*248Our conclusion upon this point in no way conflicts with the previous decisions of this court as cited by counsel. The Deolcer-Myles Case, 4 Colo. 566, in which it was said that the defendants proper in proceedings to foreclose miners’ and 'mechanics’ liens m*e the owners of the property sought to be charged, was an original action growing out of a previous foreclosure suit. The question involved was in no way analogous to the one at bar. The San Juan-Finch Case, 6 Colo. 214" court="Colo." date_filed="1882-04-15" href="https://app.midpage.ai/document/san-juan--st-louis-mining--smelting-co-v-finch-6561068?utm_source=webapp" opinion_id="6561068">6 Colo. 214, was also an original action brought to restrain the execution of a judgment rendered against the San Juan Company without service of process upon said company. The Snodgrass-Holland Case, 6 Colo. 596" court="Colo." date_filed="1883-04-15" href="https://app.midpage.ai/document/snodgrass-v-holland-6561139?utm_source=webapp" opinion_id="6561139">6 Colo. 596, was a suit to enforce a miner’s lien against a mine owned in fee by Snodgrass and one Warwick as tenants in common; that the contract under which the lien was claimed was made by the authority and sanction of Warwick does not appear to have been disputed. Snodgrass moved in the court below that his co-tenant Warwick be made a co-defendant; and for the refusal of the court to grant this motion the judgment was reversed.

It is not intimated by this opinion that the Warrior’s Mark Company might not by an original suit obtain relief against the judgment now under review; nor is it decided that if plaintiff in error had moved in the court below to make the Warrior’s Mark Company 'a co-defendant that it would not have been error to have refused the motion. Plaintiff in error knew, when this cause was pending below, or had the means of knowing then as well as now, the necessity of making the Warrior’s Mark Company a co-defendant, if such necessity there was. A party cannot ordinarily resort to an appellate court to obtain relief from his own mistakes or omissions in the lower court. Such is not the usual office of the .writ of error.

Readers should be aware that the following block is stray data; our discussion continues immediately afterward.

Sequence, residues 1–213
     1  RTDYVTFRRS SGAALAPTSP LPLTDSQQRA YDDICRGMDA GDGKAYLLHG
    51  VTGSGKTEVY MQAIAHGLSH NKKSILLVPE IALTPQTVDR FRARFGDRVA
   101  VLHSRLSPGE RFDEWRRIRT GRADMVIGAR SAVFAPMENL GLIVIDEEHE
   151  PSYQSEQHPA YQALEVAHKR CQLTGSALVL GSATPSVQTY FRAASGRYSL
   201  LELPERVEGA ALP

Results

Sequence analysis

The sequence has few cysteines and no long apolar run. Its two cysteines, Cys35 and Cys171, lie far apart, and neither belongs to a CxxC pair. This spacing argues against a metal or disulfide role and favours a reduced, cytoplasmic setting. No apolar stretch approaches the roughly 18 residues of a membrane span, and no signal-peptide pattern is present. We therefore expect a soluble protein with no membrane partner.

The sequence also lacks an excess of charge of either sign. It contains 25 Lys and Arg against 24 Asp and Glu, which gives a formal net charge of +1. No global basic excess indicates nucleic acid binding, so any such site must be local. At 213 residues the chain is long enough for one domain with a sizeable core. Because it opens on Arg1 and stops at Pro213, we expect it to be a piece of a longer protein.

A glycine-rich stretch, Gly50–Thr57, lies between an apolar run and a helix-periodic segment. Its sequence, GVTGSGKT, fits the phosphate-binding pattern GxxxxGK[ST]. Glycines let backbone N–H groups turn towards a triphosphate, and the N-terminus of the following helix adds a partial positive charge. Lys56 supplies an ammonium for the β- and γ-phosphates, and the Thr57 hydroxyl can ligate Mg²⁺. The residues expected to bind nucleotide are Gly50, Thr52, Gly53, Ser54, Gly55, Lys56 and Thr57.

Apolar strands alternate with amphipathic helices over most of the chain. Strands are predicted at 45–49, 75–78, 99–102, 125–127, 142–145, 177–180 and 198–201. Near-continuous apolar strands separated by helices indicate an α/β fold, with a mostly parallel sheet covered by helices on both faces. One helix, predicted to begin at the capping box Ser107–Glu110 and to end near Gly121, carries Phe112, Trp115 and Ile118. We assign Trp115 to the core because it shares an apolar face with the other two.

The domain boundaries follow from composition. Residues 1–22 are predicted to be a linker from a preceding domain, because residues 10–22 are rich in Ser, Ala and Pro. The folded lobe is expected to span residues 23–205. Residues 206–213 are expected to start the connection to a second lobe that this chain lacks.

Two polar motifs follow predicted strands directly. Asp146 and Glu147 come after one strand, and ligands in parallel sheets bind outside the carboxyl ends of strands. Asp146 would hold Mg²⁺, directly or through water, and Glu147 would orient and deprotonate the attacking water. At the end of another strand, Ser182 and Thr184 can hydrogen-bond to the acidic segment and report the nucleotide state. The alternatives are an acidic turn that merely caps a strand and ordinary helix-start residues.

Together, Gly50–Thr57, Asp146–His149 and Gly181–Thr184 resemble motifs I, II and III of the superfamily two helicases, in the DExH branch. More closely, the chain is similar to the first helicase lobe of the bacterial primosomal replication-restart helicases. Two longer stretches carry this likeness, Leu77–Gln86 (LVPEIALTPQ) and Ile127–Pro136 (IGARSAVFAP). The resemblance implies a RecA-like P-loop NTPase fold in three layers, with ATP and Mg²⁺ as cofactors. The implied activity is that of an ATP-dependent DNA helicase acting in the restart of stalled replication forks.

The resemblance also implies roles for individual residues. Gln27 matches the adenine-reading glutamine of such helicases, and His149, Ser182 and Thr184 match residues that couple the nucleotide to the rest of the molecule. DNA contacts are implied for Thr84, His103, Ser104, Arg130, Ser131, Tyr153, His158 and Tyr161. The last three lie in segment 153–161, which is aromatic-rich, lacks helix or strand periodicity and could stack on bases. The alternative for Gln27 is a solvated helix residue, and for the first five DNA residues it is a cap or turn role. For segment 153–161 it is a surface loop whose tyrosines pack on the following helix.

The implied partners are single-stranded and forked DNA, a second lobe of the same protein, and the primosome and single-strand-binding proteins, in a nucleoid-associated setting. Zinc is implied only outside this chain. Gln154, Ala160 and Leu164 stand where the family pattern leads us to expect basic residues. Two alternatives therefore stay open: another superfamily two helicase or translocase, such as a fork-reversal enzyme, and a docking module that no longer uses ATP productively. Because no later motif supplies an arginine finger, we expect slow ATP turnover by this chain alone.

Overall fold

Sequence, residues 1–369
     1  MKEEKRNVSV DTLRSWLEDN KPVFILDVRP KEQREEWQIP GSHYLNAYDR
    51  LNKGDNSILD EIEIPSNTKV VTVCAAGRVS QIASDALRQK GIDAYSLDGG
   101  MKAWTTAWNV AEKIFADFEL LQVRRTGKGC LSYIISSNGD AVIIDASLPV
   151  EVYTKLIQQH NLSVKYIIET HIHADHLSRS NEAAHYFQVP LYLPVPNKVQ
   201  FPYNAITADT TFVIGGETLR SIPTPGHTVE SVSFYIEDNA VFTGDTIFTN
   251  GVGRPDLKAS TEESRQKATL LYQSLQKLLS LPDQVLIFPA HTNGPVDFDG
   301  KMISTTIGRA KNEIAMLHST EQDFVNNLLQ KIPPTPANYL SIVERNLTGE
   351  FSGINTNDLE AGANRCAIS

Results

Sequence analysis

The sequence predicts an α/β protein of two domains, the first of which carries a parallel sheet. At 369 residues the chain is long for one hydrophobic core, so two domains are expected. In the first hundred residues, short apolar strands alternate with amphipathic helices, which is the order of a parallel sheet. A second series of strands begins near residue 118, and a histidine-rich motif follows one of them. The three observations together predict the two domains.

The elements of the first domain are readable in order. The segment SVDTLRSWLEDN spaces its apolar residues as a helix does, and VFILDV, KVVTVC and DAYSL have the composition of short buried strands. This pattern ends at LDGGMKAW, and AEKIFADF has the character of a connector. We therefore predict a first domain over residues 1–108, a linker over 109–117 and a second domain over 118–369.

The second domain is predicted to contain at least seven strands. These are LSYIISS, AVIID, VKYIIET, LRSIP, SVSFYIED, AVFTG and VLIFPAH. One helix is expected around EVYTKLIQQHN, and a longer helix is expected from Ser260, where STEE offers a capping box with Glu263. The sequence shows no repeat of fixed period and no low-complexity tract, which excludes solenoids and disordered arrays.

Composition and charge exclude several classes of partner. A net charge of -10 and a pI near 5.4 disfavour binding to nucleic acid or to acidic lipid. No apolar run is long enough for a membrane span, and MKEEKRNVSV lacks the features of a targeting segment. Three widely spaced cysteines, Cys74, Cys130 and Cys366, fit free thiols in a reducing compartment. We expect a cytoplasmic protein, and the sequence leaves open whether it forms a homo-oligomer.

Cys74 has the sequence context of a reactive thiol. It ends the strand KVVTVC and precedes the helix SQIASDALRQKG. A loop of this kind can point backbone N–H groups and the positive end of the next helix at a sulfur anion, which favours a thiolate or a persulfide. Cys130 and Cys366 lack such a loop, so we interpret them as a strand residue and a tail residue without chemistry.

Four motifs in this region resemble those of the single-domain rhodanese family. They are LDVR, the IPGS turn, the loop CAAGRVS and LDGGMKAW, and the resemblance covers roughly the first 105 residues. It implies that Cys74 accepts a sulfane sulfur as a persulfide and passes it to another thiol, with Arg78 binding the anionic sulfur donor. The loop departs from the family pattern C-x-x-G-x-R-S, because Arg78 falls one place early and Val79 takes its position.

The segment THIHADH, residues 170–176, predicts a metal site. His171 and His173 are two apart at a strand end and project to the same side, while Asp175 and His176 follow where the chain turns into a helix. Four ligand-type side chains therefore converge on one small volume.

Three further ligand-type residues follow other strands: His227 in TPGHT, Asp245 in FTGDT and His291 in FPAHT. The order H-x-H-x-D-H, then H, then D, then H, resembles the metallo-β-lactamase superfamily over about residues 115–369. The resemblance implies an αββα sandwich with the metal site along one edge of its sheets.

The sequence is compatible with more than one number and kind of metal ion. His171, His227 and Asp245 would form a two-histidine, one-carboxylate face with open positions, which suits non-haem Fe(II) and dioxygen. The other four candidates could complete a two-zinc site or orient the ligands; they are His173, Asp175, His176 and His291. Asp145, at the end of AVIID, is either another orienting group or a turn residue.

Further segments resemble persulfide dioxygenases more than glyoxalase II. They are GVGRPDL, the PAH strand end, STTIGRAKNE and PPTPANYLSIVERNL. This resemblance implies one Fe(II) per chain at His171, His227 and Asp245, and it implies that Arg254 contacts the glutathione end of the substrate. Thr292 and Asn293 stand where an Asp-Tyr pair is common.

The transcript in the case of Denison et al. v. The Warrior’s Mark Mining Company, filed in this proceeding, cannot be regarded in any sense as a supplemental transcript in this case. It does not appear ever to have been made a part of this proceeding in the court below. Perhaps-if it *249had been introduced in evidence on the trial below it might have had some bearing on the case. But this review must be prosecuted on the record, and not upon ex parte matters introduced afterwards. Luthe v. Luthe, 12 Colo. 429.

As to the right and authority of the court to determine the priority of the liens claimed by the plaintiff for himself and his assignors and the defendant bank respectively, there can be no doubt. The bank by its answer joined issue with plaintiff and asked to have its lien by attachment adjudged to be prior to any lien claimed by plaintiff. It had full opportunity to be heard by evidence and by its counsel. If it had succeeded in establishing the priority of its lien by a decree of the court, it might have proceeded to sell the property by virtue of its levy discharged of plaintiff’s liens, and thus would have gained all it desired in the litigation. In case of success, there was no necessity on its part .to make the mining company a party to the litigation, inasmuch as the only issue material to its interests and the only parties necessary to an adjudication of its claims were before the court. Surely, it cannot now be successfully urged as a ground of error in behalf of the bank that it did not anticipate defeat, and so did not take the steps necessary for the protection of its interests in such a contingency. The issue as joined between the parties was found and adjudged in favor of plaintiff, and nothing whatever, either of law or of fact, is shown in the record against the correctness of such finding and adjudication. Certainly, no reason appears why the adjudication of the controversy in respect to the priority of the respective liens should not be regarded as final between the parties to the record. Phillips on Mechanics’ Liens, sec. 395.

The judgment of the district court is affirmed without prejudice to the defendant bank as a lien claimant junior to plaintiff in respect to the liens adjudged against the property known and described in the record as the property of the Warrior’s Mark Mining Company.

Affirmed.